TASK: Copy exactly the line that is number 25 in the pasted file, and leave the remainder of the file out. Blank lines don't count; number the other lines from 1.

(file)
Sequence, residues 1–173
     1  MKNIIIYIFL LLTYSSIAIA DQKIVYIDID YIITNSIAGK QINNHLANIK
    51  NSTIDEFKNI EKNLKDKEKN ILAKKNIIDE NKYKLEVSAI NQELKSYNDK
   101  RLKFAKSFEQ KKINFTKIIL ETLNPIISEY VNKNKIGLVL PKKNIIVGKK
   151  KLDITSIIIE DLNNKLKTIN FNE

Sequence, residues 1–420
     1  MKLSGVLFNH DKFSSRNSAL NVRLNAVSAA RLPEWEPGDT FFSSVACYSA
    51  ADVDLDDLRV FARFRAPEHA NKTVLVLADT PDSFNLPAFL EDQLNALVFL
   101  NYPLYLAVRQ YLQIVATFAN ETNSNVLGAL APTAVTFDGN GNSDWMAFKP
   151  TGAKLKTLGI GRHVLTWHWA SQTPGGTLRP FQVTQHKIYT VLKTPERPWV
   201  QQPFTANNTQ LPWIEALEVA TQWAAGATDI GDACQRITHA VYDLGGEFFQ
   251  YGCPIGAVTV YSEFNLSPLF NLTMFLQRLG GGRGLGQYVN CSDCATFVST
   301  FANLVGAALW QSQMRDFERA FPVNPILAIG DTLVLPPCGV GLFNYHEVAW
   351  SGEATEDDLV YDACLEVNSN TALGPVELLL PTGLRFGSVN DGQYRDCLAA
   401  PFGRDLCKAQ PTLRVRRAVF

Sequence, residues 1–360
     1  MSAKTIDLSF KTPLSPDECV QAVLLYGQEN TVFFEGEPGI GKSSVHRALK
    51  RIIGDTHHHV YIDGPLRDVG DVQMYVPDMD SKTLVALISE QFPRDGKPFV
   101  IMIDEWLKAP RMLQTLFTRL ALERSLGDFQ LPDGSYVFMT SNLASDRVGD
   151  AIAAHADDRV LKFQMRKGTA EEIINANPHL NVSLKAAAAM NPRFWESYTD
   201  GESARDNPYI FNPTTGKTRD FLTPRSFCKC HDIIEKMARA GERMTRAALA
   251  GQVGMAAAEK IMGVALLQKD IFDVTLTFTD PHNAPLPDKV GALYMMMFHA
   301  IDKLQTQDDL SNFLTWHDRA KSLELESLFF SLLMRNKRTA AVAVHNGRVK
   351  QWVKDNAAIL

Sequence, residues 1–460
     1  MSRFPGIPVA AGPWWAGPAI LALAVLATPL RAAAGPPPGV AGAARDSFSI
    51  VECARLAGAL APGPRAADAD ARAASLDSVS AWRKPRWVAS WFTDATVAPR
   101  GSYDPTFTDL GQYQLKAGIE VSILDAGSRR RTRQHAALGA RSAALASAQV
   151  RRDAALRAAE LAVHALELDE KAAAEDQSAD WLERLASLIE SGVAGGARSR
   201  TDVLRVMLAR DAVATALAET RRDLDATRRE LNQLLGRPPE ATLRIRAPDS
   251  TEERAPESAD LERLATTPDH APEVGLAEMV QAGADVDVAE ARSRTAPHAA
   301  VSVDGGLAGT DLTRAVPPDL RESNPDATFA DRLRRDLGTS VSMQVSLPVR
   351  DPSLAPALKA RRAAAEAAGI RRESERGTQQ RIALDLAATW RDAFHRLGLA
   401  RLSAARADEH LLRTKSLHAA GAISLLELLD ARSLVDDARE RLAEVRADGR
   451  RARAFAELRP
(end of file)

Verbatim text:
Sequence, residues 1–460